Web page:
If the iconic scene from the TV show Friends is anything to go by, not having a fool-proof plan for your pivot will most likely lead to failure. Much like the stairway from Friends, modern career pathways are not straightforward. Today, Americans average about 4.4 years in a job, a dramatic departure from yesteryear’s 25 to 30.
As job satisfaction decreases and burnout increases, coupled with an uncertain macro-economic environment, it becomes even more important that you consider every possible option and their outcome while planning your career pivot. A career transition is a lifestyle redesign that often entails rethinking how you want to feel at the end of the day, how you want to spend your time, and how this relates to your longer term goals.
This part basically helps you figure out the "Why". Career pivot is a monumental juncture in your life, so make sure your decision aligns with your long-term goals and missions. Your primary motivation should not just be money or a bad experience at your previous job. Make sure you are running towards something instead of running away from something.
Your transferable skills are not only important for determining your next career, but they are also an important tool for converting those interviews and making an impression.
Once you have figured out the "Why", it's time to figure out the "What". Bear in mind, you will be working in your next job or industry for a considerable period. So it is important to choose your next career wisely.
You will be investing considerable time and money in up skilling yourself, so there are hardly any chances of do-overs. Also, industries are changing at a rapid pace, it is important to ensure that your next career suddenly doesn't become obsolete. It is best to choose jobs or industry which are either at their peak or just in their infancy. Both have their own advantages. It is easier to get into a role which has a lot of demand, but being early to an industry will give you more opportunities for climbing the career ladder.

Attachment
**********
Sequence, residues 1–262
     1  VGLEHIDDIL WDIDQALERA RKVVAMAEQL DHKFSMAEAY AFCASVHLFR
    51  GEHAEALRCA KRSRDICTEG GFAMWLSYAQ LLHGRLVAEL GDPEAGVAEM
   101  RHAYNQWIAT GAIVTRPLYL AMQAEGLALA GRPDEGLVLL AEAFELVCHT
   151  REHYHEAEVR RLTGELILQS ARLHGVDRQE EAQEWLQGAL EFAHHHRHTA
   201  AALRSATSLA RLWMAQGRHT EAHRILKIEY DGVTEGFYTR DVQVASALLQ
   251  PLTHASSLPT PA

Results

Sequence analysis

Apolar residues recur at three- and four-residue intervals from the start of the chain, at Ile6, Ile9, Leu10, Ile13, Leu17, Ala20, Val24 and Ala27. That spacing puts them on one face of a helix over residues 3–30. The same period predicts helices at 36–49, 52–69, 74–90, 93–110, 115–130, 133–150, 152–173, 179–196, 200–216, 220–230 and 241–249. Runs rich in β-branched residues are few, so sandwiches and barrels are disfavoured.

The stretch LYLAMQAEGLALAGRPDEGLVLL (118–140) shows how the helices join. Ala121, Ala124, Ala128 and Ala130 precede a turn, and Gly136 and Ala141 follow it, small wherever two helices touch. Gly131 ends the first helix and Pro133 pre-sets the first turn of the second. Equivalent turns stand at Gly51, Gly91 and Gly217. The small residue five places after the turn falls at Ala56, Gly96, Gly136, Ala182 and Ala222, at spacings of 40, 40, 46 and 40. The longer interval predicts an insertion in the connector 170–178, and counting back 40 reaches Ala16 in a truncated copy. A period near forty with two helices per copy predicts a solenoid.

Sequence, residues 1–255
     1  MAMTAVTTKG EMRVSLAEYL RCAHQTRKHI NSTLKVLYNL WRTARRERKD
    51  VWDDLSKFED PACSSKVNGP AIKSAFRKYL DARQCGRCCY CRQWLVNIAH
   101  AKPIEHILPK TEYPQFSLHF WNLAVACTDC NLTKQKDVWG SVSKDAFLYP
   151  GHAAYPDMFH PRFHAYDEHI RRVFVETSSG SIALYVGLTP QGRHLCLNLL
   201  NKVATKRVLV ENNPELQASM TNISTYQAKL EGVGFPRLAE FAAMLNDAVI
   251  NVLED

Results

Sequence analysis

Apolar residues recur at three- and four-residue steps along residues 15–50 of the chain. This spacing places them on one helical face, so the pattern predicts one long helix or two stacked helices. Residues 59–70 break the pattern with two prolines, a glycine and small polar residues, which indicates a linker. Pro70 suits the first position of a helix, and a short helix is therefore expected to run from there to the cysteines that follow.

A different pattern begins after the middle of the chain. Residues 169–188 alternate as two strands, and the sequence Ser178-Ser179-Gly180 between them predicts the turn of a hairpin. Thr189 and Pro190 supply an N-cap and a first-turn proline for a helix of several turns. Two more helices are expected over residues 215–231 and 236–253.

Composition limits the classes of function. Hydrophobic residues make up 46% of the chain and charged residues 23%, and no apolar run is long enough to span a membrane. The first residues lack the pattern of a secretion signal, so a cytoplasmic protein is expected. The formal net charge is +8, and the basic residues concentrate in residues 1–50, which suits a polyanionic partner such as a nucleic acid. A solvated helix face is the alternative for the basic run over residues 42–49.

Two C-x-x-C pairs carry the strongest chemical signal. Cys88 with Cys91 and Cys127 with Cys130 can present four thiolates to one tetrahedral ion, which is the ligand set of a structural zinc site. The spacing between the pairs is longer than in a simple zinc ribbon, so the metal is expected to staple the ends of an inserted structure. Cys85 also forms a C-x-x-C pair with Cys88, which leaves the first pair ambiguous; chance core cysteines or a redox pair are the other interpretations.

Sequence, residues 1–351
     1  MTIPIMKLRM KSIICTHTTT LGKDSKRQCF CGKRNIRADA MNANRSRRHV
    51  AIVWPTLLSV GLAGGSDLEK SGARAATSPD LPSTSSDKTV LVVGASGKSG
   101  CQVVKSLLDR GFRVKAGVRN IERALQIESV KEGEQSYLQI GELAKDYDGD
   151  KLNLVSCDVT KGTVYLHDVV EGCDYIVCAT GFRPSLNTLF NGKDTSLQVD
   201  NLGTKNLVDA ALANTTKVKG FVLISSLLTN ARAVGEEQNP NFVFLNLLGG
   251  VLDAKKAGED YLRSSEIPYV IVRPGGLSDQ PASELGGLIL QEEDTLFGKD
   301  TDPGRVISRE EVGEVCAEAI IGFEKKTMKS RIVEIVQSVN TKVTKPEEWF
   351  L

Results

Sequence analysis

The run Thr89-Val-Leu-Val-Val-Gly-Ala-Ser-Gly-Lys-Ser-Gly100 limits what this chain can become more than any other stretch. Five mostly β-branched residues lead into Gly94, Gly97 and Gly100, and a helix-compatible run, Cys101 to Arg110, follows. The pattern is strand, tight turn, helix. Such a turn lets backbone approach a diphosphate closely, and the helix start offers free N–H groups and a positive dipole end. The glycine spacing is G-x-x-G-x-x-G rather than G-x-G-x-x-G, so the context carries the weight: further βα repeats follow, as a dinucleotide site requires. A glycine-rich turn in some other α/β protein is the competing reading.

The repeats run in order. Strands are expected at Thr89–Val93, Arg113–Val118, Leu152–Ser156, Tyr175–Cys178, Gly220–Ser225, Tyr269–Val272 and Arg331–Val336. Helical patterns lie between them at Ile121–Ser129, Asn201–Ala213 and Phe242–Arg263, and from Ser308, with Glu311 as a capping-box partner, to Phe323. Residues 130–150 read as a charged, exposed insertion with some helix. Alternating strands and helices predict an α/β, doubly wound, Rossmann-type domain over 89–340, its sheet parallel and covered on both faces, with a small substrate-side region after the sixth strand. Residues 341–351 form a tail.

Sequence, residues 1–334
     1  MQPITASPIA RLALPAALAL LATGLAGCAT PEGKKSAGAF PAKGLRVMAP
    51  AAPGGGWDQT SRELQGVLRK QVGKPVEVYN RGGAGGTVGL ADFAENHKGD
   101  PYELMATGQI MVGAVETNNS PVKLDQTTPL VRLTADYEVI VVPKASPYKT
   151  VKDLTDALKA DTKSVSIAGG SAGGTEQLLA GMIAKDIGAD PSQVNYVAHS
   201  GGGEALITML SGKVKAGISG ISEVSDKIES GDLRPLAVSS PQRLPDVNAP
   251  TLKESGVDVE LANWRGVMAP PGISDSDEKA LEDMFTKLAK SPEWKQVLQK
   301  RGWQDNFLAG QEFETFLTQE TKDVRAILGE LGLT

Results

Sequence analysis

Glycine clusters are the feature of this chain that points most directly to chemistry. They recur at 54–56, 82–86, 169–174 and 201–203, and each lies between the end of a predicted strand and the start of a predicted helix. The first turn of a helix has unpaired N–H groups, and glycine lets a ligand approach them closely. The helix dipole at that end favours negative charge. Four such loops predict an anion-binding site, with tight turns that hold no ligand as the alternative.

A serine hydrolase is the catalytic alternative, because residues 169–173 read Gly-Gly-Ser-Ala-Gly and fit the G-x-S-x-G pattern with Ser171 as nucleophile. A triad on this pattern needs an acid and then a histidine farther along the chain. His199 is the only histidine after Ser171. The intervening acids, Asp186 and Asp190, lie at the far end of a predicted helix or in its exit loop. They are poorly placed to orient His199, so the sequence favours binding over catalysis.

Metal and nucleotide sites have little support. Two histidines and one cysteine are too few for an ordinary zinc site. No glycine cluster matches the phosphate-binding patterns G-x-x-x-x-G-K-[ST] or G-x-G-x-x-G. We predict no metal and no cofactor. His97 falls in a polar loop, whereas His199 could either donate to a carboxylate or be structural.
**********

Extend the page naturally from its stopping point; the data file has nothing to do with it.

The biggest problem career pivoters face is that they are not able to tell their story. As a career pivoter, your career story has additional layers. Since you are also competing with other traditional candidates, your past experiences, fresh perspectives and hunger will set you apart from them.
Blindly applying to hundreds of opportunities will not help your chances of landing your dream job. You should only target jobs where you have a high likelihood of landing an interview. Once you have read enough job descriptions, you will have a good idea of the requirements. So start mapping your skills from your previous experiences to the requirements of your target roles.
Craft tailored resumes for each roles. Use tools like Rezi, LoopCV and Teal to manage your job search. Check out 3 Tools to Automate Your Job Search.
One of the most overlooked part of career pivot is networking with mentors, peers and industry experts. It may seem unnecessary, but these conversations will provide you with the much needed context regarding your future industry and the nuances of your future role. More often than not these connections will lead you to an inside opportunity that won't be available to rest of the world.
Congratulation! You have successfully laid the groundwork for your career pivot. But you still have a long way to go. Now begins the ego-crushing and energy draining cycle of job applications and rejections.